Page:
RWTH Space Day: Interview with Dr. Ksenija Milicevic Neumann

  Copyright: © IME

To establish human presence in space and reach distant planetary systems beyond our own, oxygen and metallic materials play an important role. Dr. Ksenija Milicevic Neumann is conducting research at Professor Bernd Friedrich's Institute of Metallurgical Process Technology and Metal Recycling (IME) on the process of molten salt electrolysis, which can be used to split the regolith that is found on the Moon and Mars.

RWTH: Dr. Milicevic Neumann, what is molten salt electrolysis and what can it be used for in space?

Milicevic Neumann: Molten salt electrolysis is a process that can be used to produce or dissolve metals and gases, such as oxygen, from rock. It is a core process for oxygen and metal production on the Moon, Mars, and other planets, and holds great promise for use in space. We are studying regolith, a loose rock that exists on the surface of the Moon and Mars and is the most accessible and abundant resource there. Regolith is a mixture of metal oxides, and we are trying to dissociate it into oxygen and metals using the process of molten salt electrolysis.

RWTH: What are oxygen and metals needed for on alien planets?

Milicevic Neumann: Oxygen is necessary for breathing if we are to establish a human presence in space. But to build habitats and an infrastructure, we also need metals. We can produce them with this process as well. Those are the two main goals. Oxygen is also needed not only to breathe, but people use it as an oxidizer for propellants. Our goal is not just the moon or Mars, but to fly to other galaxies at some point.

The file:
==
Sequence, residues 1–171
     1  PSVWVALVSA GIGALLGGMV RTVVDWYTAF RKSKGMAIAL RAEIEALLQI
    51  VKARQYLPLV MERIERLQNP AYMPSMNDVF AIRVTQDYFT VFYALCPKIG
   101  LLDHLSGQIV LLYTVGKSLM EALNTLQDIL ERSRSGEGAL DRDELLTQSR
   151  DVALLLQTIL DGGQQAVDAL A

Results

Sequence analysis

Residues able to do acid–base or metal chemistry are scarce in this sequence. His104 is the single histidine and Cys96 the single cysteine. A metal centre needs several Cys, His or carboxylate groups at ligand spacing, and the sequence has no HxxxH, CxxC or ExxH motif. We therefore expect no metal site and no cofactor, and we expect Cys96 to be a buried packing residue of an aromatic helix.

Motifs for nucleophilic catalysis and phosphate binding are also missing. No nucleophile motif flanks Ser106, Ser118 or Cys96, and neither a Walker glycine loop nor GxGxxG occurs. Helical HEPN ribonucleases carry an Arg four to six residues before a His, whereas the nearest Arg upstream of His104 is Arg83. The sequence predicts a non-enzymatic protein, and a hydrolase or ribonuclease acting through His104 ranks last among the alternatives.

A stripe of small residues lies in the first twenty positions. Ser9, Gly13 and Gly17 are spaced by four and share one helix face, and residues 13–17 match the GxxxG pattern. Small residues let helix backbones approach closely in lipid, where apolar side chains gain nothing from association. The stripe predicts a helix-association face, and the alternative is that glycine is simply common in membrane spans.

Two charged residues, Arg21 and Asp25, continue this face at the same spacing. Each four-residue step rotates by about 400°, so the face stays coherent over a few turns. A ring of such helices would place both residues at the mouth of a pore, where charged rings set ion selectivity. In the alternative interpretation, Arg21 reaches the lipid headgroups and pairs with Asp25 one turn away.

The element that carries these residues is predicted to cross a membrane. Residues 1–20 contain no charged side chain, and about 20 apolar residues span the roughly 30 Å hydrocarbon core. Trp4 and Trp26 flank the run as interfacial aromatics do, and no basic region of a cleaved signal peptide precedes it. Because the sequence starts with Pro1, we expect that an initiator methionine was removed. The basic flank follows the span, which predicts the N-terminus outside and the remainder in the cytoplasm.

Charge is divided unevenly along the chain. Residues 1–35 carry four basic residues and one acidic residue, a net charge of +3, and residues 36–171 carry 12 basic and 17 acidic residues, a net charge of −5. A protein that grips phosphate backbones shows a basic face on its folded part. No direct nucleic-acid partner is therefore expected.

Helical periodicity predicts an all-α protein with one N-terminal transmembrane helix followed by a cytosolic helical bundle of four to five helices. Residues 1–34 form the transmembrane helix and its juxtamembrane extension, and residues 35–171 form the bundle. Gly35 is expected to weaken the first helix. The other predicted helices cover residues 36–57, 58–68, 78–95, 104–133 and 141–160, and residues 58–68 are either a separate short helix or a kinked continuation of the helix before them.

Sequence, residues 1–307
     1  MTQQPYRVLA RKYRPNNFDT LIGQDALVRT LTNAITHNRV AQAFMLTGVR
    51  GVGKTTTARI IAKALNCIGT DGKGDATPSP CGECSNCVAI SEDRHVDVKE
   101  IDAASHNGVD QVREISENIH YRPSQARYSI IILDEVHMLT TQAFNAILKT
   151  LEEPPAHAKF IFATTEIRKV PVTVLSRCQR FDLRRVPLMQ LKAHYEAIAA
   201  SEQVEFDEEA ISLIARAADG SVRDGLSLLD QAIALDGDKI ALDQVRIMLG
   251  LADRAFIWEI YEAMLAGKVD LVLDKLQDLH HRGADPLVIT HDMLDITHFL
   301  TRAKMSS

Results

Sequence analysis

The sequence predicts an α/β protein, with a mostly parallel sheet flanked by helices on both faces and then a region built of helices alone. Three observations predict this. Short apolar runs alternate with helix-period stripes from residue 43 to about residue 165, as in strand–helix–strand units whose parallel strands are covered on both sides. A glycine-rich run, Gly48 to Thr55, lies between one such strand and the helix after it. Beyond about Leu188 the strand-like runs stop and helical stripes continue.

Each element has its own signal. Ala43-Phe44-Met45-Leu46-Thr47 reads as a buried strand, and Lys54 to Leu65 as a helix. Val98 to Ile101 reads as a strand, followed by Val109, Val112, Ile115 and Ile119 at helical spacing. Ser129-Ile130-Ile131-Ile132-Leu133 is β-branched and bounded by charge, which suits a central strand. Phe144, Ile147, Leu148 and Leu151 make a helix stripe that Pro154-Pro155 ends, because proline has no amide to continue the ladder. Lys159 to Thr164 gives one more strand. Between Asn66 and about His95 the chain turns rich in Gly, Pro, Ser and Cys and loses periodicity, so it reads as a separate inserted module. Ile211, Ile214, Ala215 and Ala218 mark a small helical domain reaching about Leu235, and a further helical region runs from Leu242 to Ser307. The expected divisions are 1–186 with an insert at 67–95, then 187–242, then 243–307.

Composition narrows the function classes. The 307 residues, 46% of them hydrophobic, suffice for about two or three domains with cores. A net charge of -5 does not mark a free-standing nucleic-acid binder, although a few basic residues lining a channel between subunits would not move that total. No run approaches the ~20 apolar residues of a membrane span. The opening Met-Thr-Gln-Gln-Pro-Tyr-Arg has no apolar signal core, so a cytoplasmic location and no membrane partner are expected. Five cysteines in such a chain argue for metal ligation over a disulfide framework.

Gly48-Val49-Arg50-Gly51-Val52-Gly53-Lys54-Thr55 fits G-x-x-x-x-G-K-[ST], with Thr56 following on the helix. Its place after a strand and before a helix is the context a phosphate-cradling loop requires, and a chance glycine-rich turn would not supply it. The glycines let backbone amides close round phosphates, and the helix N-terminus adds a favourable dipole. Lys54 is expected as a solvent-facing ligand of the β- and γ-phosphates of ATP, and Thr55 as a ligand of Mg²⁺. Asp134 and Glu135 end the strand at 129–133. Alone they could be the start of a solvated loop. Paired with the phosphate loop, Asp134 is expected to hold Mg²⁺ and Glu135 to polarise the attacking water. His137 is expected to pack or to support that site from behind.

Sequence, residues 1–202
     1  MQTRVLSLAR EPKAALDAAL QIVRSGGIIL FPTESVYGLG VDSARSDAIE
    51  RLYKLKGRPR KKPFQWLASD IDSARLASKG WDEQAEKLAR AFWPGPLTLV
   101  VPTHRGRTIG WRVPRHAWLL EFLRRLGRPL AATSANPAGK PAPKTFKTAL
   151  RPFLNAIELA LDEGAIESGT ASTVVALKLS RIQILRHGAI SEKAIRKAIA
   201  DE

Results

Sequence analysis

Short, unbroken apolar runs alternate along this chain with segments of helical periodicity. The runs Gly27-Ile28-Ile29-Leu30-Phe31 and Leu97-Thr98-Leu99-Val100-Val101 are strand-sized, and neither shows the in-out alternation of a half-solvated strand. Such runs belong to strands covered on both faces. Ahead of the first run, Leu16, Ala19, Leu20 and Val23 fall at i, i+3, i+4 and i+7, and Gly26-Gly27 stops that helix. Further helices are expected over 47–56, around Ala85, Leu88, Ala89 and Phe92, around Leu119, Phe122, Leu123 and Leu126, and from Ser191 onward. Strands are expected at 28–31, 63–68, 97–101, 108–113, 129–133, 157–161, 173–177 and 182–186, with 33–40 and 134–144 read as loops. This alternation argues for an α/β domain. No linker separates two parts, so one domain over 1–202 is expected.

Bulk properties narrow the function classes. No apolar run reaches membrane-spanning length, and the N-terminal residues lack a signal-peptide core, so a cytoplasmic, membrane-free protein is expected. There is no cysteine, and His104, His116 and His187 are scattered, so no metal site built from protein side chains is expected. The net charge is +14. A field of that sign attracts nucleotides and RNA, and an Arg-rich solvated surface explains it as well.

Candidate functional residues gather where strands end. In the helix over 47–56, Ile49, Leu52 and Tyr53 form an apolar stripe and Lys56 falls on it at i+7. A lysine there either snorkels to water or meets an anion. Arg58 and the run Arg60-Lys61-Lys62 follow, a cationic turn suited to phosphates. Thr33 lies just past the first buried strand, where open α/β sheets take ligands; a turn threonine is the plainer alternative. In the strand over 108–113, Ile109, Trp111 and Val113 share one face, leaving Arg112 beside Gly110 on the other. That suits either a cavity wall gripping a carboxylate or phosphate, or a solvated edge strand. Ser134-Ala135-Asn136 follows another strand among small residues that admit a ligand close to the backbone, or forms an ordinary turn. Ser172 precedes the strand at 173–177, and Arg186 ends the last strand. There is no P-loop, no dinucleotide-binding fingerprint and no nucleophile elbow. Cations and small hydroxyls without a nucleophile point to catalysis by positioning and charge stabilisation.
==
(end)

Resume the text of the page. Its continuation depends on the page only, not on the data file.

RWTH: What role does sustainability play in your research?

Milicevic Neumann: From the very beginning, we try to look at everything sustainably, that is, to reuse or recycle everything that comes out of a process. We have filed the patent "MOSARI" for a zero-waste concept that uses molten salt electrolysis and metallothermal reduction for regolith processing. It's not just about producing oxygen and alloys; rather we need to do it in a sustainable way, such as using the residues from the processes as building materials. For example, since the first moon landing in the 1960s, over 70 landing frames have been left on the moon. Another idea is to utilize things that are already on site or to build up new parts that we send there so that we can reuse or repair them.

RWTH: What are the next steps?

Milicevic Neumann: We are doing basic research, which means that we want to optimize the processes in our equipment, test them under different conditions and develop the right equipment for splitting regolith. We have never worked on Earth with such a large mixture of ten metals, and for this we are working with large companies and research institutes to find the optimal solution. Once the process and the equipment are optimized, we can send them into space and make further adjustments under real conditions. Only when we have mastered these processes and can develop sufficient oxygen can a human presence be established.

RWTH: What is your biggest dream in terms of your research?

Milicevic Neumann: The biggest dream would be to have a breakthrough in the process and see that it really works, that something useful is generated, and then of course to test the process on the moon. I would love for us to be able to learn something there and in turn transfer it to Earth and improve something here. That way we could connect Earth and space, and that would be a win-win situation.